Dixon Collins


Then there is this, someone else documented to have built the Punta Chivato Resort (Hotel Borrego de Oro):
http://forums.bajanomad.com/viewthread.php?tid=59272




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[*] posted on 7-28-2016 at 09:30 AM


DK,

I don't think Federico disputed Dixon's involvement. Btw, there are other (unflattering) references in Federico's book about Dixon, not just the ones you referenced in the other thread.

Also, per the other thread, Dixon claimed he "began his building career in the hospitality industry in 1965 when he designed, constructed, owned and operated, the Punta Chivato Hotel, a 90 suite luxury hotel, spa and fishing resort in Baja California, Mexico."

This "for sale" ad indicates there are only 28 rooms/suites, not 90:

http://www.buymydreamhotel.com/dbase_see_record.php?ref=MXSE...

Maybe it's the exchange rate?

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[*] posted on 7-28-2016 at 10:03 AM


Quote: Originally posted by BigBearRider  
DK,

I don't think Federico disputed Dixon's involvement. Btw, there are other (unflattering) references in Federico's book about Dixon, not just the ones you referenced in the other thread.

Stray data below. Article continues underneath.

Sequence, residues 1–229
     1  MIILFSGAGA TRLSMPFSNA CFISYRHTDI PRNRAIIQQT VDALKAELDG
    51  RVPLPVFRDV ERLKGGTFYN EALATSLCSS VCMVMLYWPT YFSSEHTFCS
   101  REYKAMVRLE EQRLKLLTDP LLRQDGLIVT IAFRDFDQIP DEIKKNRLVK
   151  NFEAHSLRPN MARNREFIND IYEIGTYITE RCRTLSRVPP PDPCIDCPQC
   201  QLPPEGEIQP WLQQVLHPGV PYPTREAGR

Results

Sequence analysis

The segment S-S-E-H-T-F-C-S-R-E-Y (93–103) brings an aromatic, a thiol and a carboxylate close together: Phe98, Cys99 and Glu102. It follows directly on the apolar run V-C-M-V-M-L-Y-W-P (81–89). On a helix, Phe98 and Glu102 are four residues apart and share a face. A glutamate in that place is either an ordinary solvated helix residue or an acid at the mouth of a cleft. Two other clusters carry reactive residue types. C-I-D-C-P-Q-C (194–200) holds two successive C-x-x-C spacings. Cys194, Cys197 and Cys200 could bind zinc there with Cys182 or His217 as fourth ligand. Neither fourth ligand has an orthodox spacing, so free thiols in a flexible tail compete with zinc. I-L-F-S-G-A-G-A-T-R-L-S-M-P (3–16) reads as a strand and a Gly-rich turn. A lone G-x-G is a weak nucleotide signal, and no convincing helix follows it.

Also, per the other thread, Dixon claimed he "began his building career in the hospitality industry in 1965 when he designed, constructed, owned and operated, the Punta Chivato Hotel, a 90 suite luxury hotel, spa and fishing resort in Baja California, Mexico."

This "for sale" ad indicates there are only 28 rooms/suites, not 90:

http://www.buymydreamhotel.com/dbase_see_record.php?ref=MXSE...

Maybe it's the exchange rate?



Also, things change from 1965 to the opening a few years later to today!
Perhaps Dixon was the actual builder and Federico was the 'face' of the business? I went there in 1973 and it was closed up. Sad that so many projects never turn out well... development is tough in remote places, off the grid. Baja always wins in the end.




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[*] posted on 7-28-2016 at 12:51 PM